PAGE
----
Everything You Need to Know About the GoPro Hero6
After several weeks testing the new camera, our editor came away seriously impressed with several of its upgrades
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GoPro launched its newest flagship camera, the Hero6, in September with some important new features that make it a smart upgrade for anyone who frequently shoots action-cam footage.
The most notable item is the improved in-camera stabilization, which eliminates the need for a gimbal. GoPro also made some notable resolution changes: the Hero6 (unlike the Hero5) shoots 4K footage at 60 frames per second, and 1080p footage at a super slow 240 frames per second. Finally, thanks to a stronger Wi-Fi signal, the Hero6 has better app integration and works with the new QuikStories feature, which edits footage for you.
I got my hands on one of the cameras when it launched and have been testing it ever since. I’ve taken it mountain biking, go-karting, and on a four-day backpacking trip. I’ve also been playing with it at home. Overall I’ve been very impressed with the leaps GoPro made between the 5 and the 6. Here’s why.
The improved image stabilization, in my mind, is the Hero6’s biggest, most exciting upgrade, allowing for buttery smooth footage with no additional equipment—like, say, a gimbal—required.
In the past, I had to mount my GoPro on a stabilizer, like the brand’s Karma Grip, to reduce shake while filming. With the 6, however, I simply activate the internal image stabilization feature on the touchscreen menu and voila—I can capture a mountain-bike ride without wanting to vomit when I watch.
Yes, the Hero5 had internal stabilization as well, but it was two-axis. Similarly, the stabilization only worked when you shot in narrow or medium field of view (which refers to how wide a shot the camera is set up to take). The Hero6, in contrast, has three-axis stabilization that’s available across a greater range of resolutions and frames (like 4K 30 and 1080p 120), including in wide field of view.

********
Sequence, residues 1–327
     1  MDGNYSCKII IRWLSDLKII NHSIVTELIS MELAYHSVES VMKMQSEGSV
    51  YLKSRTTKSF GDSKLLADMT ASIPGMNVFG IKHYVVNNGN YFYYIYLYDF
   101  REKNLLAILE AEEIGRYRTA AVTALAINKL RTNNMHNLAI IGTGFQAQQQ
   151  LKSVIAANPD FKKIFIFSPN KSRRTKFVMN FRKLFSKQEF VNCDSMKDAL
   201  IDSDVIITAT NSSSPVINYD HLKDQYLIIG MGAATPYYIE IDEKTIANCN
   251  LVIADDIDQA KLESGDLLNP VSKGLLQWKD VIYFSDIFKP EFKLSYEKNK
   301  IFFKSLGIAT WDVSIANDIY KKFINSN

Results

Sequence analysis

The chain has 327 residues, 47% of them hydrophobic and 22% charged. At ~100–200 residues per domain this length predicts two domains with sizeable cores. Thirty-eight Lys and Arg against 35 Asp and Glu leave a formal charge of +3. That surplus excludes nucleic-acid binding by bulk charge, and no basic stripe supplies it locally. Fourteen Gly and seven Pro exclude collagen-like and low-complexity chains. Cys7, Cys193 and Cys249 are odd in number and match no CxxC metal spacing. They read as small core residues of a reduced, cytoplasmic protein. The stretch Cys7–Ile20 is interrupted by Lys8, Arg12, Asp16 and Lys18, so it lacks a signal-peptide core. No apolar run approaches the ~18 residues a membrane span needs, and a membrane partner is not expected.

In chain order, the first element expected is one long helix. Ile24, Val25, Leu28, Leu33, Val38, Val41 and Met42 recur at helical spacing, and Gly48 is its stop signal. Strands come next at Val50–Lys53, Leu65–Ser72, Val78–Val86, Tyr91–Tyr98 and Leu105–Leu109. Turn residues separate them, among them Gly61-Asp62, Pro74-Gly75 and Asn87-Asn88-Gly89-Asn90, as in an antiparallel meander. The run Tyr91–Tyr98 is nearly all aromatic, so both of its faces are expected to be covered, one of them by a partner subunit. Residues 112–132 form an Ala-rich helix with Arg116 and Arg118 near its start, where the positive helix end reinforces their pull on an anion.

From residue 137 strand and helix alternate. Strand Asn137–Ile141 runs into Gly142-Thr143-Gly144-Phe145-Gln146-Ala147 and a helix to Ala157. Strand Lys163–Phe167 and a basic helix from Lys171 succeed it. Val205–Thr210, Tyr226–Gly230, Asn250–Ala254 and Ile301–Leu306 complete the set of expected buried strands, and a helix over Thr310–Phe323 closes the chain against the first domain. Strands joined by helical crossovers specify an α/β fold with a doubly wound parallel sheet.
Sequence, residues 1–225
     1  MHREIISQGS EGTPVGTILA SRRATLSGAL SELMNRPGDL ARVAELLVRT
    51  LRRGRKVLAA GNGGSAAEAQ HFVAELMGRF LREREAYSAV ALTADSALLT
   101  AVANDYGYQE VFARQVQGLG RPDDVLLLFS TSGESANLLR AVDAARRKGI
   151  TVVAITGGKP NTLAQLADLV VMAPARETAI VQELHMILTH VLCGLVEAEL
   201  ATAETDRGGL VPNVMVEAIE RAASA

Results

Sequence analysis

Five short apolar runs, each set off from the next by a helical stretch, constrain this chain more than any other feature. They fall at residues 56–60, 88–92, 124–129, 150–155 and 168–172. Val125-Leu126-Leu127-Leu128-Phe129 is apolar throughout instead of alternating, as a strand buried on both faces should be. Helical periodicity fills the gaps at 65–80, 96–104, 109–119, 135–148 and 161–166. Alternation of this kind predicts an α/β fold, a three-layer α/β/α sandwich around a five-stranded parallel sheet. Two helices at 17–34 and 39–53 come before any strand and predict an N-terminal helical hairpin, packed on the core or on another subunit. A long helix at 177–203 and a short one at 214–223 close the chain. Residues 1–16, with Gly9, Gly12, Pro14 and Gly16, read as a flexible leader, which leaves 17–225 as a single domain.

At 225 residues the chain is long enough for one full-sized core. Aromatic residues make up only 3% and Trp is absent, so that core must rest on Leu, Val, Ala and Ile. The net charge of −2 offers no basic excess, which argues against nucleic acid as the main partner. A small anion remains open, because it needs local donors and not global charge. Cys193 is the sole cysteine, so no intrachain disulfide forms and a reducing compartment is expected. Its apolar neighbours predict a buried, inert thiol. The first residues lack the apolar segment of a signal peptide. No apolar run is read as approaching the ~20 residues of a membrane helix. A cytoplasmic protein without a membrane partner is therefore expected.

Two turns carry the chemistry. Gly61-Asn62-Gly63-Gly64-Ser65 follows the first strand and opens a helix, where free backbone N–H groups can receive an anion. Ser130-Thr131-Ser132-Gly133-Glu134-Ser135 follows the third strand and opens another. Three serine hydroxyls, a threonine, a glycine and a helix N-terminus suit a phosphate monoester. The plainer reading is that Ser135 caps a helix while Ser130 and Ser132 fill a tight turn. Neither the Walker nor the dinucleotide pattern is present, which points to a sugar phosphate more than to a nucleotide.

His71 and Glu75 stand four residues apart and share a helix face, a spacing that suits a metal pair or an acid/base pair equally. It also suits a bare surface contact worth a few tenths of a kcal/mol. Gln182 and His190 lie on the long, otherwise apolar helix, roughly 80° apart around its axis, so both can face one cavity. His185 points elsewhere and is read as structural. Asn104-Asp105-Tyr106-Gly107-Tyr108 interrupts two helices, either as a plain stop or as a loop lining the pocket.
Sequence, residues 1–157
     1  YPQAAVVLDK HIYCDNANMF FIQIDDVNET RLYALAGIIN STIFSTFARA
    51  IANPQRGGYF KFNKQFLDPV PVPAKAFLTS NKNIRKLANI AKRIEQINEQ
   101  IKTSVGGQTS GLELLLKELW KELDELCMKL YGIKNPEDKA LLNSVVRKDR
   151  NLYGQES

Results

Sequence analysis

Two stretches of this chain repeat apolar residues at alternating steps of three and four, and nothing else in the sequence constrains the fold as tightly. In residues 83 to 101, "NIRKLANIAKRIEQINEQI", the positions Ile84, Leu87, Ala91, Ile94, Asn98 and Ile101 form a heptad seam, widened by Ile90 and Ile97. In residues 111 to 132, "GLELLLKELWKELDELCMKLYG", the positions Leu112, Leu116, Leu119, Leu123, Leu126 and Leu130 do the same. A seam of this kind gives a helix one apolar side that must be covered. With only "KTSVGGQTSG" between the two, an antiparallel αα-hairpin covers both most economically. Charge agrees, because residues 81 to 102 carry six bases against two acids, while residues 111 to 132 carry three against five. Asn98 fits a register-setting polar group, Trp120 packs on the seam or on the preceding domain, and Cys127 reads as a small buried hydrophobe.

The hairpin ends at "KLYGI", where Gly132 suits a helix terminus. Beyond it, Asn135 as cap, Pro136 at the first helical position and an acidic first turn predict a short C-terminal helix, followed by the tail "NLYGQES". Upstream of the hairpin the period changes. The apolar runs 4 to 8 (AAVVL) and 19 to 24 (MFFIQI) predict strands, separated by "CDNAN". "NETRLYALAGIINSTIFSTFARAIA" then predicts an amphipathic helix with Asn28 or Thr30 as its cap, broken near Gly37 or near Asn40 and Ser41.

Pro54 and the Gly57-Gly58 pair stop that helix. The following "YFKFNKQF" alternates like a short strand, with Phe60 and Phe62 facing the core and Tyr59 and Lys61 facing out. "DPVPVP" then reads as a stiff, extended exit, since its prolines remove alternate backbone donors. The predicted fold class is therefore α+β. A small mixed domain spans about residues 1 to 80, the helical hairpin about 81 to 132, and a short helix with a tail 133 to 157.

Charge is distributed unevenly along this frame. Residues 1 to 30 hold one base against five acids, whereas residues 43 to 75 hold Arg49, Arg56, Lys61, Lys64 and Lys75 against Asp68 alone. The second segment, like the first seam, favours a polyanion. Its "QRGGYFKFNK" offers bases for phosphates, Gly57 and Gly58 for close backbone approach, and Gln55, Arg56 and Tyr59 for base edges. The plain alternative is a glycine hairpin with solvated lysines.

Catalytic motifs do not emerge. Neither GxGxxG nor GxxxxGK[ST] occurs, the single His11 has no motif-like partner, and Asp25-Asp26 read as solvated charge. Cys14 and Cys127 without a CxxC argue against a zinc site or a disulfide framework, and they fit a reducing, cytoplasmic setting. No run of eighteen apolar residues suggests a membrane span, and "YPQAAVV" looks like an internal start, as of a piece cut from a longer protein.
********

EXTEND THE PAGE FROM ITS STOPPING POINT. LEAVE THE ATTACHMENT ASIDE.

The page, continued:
Is the Hero6 stabilization equal to professional Steadicam work? Absolutely not. But it’s a major improvement over the Hero5 and goes a long way toward helping you create more professional-looking videos.
To test the stabilization, I grabbed a Hero4 Black, which doesn’t have any stabilization, and put it up against the Hero6 Black with the stabilization turned on. I took both on a bike ride around a local trail system near our headquarters in Santa Fe. Both cameras were mounted to my handlebars and were recording in 1080p at 60 frames per second in Superview mode, which gives you the widest field of view and is great for POV.
Here’s another mountain-biking clip from a different ride. This was shot in 2.7K at 60 frames per second with internal stabilization turned on. (The 2.7K 60 option is one of my favorites, because you get a higher resolution than HD and a fast frame rate for action but you can still take advantage of internal stabilization.)
Finally, here’s a clip shot in 4K at 30 frames per second with stabilization on (unfortunately, you can’t get stabilization in 4K 60 fps). I’m chasing my friend on foot while he pedals up a trail.
OK, so stabilization is the key update, but I was also excited about improvements like the 1080p video at 240 frames per second, which creates ultra slow-motion footage that’s great for capturing action sports.
The iPhone 8 can shoot this same kind of slow-mo, but the GoPro still has a mobility advantage: it’s way easier to strap to your bike, your ski helmet, or your dog. Also, I worry less about my durable $500 GoPro than my fragile $1,000 iPhone.
Here’s a clip of my dogs running around the backyard at 240 frames per second:
And here’s a clip of my buddy fly-fishing, plus a campfire shot at 1080p 240:
That said, you’ll need to use the 240 frames per second feature sparingly, since it’s meant to capture action.
I found myself shooting more often in 2.7K 120 because I like the higher resolution, and because 120 frames per second is plenty slow. I’ll also use the 1080p 120 mode, because it allows for internal stabilization (unlike 1080p 240 or 2.7K 120). Here’s an example of 1080p 120 with stabilization on:
High-Res 60 fps Footage
For video nerds like me, that faster frame rate is indeed a big upgrade, because it’s better for capturing action at a high resolution. But it’s actually too much for most people most of the time—the data files are too big.